Two penny blue

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For the Mauritian stamp, see Mauritius "Post Office" stamps.
Two penny blue
An 1841 printing on pale blue paper
Country of production United Kingdom
Date of production 8 May 1840 (1840-05-08)
Perforation None
Depicts Queen Victoria
Notability World’s second official postage stamp
Face value 2d

The Two Penny Blue or The Two Pence Blue was the world’s second official postage stamp, produced in the United Kingdom of Great Britain and Ireland and issued after the Penny Black.

Initial printing took place from 1 May and in all 6,460,000 were printed from two plates until 29 August.[1]:161 Officially the stamps were valid for postage from 6 May but were only available from 8 May.[1]:164 It was first sold to the public at the London Inland revenue office on 6 May 1840.[citation needed] Except for its denomination, the design is exactly the same as the 1d black and was struck from the same die.[2]

It was intended that the 2d blue be issued at the same time as the 1d black; the earliest postmark seen on one of these is 6 May 1840. The first issues of this value (intended for double rate letters), were printed from plates 1 and 2. The printing plates were destroyed in 1843.[1]:161 Copies of the stamp are now significantly rarer and more expensive than the Penny Black.[citation needed]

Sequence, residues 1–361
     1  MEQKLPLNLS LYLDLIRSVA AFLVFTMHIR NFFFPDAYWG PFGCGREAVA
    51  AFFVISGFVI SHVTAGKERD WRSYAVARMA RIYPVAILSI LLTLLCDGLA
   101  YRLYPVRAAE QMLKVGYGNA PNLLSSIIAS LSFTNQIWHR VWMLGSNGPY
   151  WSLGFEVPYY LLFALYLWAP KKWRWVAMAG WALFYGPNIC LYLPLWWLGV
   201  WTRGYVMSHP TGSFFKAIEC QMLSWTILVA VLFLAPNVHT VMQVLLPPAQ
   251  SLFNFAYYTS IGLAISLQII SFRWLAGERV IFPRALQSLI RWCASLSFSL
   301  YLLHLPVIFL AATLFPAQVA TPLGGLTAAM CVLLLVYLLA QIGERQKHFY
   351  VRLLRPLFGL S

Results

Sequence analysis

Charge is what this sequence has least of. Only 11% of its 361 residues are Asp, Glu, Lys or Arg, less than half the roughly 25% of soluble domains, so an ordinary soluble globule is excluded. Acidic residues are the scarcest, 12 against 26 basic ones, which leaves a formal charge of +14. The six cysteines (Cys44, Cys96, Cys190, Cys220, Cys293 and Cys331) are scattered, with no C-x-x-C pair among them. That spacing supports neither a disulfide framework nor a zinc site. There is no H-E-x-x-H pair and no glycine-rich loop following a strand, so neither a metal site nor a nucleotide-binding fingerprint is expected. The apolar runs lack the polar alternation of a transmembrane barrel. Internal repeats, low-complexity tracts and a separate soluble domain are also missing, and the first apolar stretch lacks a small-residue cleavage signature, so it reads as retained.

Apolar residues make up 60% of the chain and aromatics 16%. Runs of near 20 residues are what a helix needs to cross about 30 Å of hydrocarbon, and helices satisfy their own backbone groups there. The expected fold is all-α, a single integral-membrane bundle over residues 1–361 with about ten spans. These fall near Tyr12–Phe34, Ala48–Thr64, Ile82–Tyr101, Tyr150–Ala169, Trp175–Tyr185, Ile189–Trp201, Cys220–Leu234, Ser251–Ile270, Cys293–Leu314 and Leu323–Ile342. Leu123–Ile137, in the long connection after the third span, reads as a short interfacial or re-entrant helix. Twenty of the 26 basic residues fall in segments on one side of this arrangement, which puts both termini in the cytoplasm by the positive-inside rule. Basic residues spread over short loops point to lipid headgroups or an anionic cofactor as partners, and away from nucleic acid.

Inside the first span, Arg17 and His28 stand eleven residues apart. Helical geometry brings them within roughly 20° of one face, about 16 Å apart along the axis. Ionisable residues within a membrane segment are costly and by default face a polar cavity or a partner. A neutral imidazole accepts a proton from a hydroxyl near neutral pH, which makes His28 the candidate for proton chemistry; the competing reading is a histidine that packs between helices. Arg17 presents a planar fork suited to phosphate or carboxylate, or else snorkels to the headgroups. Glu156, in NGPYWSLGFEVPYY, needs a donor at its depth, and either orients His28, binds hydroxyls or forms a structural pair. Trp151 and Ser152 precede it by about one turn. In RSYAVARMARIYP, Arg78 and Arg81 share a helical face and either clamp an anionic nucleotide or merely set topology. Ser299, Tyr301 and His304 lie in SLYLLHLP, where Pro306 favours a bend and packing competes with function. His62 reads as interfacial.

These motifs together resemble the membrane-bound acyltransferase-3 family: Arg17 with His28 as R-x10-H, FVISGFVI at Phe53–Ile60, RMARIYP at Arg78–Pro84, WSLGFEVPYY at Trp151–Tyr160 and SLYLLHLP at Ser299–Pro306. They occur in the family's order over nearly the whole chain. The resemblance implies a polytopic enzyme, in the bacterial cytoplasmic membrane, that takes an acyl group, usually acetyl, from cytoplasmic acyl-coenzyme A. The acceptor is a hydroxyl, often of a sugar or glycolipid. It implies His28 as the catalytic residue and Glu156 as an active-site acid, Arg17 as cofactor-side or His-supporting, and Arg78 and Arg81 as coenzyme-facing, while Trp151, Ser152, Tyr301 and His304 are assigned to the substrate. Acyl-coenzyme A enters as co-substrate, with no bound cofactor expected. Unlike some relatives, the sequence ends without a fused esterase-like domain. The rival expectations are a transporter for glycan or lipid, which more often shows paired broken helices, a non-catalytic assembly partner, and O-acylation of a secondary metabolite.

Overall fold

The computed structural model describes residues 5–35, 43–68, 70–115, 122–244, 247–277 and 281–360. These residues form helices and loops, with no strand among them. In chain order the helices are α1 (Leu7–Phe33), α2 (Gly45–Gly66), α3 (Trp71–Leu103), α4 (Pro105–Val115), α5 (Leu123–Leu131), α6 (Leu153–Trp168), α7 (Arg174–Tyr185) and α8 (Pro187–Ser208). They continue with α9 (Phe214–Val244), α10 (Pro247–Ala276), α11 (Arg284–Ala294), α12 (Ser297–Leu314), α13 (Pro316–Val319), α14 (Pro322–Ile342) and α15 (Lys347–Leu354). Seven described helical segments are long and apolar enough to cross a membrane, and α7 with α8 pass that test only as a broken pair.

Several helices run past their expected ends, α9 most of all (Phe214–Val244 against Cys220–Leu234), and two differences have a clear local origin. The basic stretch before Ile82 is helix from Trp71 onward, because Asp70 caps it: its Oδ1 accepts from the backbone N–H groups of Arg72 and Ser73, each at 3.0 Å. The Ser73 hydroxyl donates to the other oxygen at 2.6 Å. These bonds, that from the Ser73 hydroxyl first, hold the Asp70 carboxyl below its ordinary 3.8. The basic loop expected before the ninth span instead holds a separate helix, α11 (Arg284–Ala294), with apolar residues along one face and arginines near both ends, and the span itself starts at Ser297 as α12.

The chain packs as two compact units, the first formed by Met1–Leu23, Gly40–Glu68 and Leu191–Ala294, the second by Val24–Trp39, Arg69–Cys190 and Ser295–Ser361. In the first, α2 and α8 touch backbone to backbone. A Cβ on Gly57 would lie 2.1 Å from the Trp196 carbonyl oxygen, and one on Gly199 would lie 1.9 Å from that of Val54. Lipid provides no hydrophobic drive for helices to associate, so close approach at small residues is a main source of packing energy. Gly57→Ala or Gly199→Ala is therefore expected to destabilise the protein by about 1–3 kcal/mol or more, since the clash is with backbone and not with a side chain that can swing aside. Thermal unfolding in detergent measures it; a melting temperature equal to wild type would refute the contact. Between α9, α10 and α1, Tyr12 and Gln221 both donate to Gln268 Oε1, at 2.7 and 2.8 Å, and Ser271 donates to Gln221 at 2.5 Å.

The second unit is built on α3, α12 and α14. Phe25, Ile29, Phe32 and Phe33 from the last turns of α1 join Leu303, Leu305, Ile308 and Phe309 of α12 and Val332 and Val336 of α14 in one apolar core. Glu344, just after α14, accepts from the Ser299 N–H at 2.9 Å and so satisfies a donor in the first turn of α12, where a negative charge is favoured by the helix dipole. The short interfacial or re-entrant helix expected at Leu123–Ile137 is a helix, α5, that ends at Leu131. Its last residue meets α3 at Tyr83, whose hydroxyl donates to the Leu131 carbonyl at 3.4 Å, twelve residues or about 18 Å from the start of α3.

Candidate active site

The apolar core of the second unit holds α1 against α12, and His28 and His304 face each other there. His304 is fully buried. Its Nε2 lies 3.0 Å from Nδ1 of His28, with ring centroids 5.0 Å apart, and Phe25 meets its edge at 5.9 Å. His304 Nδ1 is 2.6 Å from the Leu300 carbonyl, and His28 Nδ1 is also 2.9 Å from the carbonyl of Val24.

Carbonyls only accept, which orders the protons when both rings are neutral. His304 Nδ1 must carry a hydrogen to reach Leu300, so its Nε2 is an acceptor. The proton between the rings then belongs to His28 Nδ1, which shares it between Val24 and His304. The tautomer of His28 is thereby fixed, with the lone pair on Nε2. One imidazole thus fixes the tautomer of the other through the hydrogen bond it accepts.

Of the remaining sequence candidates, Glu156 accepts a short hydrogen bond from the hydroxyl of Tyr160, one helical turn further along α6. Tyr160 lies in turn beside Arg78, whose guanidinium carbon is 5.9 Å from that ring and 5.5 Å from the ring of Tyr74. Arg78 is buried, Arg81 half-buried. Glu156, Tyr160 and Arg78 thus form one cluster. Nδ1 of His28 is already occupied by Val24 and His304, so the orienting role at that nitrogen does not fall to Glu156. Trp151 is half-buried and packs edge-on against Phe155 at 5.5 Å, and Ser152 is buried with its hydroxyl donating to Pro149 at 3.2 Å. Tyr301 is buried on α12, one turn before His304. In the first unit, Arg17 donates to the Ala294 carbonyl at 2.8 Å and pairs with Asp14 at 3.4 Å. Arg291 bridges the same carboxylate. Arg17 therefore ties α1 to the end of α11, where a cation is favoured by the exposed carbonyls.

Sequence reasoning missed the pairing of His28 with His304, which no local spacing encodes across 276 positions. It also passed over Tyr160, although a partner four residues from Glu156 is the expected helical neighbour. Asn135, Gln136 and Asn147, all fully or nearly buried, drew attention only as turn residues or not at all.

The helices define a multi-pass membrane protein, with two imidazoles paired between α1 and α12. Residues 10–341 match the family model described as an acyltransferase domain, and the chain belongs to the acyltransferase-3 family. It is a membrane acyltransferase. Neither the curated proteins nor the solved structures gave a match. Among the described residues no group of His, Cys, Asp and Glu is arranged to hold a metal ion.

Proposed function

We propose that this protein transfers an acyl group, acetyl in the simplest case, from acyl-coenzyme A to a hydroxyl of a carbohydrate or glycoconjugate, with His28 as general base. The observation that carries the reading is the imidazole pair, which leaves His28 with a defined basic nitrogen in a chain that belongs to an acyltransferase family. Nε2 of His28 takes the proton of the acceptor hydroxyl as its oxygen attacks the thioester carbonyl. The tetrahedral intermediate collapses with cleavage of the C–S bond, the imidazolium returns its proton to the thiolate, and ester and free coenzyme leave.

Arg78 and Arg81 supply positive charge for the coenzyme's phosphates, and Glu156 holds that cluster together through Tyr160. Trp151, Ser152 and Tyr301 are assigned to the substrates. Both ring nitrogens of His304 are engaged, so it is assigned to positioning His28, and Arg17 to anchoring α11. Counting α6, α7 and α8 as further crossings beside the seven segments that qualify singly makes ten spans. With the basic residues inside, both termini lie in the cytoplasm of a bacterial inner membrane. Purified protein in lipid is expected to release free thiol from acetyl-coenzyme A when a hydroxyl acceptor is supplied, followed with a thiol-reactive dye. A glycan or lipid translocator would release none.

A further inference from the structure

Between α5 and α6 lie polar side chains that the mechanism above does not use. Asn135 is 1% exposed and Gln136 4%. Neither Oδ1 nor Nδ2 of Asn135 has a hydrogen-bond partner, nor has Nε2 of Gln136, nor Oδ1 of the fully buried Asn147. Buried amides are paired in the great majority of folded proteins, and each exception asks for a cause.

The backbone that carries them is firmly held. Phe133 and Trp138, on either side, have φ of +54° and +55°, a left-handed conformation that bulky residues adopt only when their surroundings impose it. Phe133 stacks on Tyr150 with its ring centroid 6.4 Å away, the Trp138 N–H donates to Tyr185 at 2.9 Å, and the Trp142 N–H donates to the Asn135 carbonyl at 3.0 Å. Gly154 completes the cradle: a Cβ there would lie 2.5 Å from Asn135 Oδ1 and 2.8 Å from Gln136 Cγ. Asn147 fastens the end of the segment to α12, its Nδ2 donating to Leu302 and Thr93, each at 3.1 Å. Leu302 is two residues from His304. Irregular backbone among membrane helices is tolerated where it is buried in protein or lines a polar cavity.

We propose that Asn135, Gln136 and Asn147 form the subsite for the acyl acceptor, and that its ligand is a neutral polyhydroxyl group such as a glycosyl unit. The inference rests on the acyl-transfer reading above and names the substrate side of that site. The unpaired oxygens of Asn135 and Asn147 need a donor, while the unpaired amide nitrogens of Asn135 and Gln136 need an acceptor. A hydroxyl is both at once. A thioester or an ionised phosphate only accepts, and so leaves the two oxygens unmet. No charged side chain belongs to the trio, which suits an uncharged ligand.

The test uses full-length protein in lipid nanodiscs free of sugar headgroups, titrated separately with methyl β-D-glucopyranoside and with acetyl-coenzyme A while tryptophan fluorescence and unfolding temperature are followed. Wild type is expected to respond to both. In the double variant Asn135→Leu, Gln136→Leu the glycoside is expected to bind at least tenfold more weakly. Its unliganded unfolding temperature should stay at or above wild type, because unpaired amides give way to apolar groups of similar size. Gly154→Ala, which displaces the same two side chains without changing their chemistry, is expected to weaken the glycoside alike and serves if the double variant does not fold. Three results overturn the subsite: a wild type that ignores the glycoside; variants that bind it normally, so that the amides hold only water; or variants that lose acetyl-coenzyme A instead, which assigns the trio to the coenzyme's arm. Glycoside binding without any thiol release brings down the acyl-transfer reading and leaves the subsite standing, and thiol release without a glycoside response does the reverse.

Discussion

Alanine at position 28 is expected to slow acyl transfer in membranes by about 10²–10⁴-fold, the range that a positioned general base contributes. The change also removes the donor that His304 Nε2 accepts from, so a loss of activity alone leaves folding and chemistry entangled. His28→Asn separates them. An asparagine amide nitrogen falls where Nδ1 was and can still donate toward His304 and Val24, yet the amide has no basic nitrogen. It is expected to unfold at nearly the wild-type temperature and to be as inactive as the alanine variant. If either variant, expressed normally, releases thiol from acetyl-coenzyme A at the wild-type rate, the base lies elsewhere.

Later when the colours of the stamps were being revised, the inks chosen were red-brown for the penny value and a new blue ink for the two pence value. As the printed stamps in the new ink looked the same as the original issue, it was decided to add a horizontal line at the top and bottom of the label so as the newer printings could be easily identified. Printing of the revised stamps began on 27 February 1841 and were placed on sale in March.[1]:174–5 These are referred to as the white lines added issue, as pictured above. They are more common than the original 1840 printing.[citation needed]

The Penny Black allowed a letter weighing up to half an ounce to be sent anywhere within Britain; the Two Penny Blue's weight limit was a full ounce.[3]

See also[edit]

References[edit]

  1. ^ a b c d Muir, Douglas N. (1990). Postal Reform & The Penny Black. London: National Postal Museum. ISBN 0-951-5948-0-X. 
  2. ^ "1840 2d and 1841 2d a plating aid". Steven Allen British and Colonial Stamps. Retrieved 7 April 2015. 
  3. ^ Beal, Peter (2008). A dictionary of English manuscript terminology, 1450-2000. Oxford: Oxford University Press. p. 426. doi:10.1093/acref/9780199576128.001.0001. ISBN 9780199576128. 

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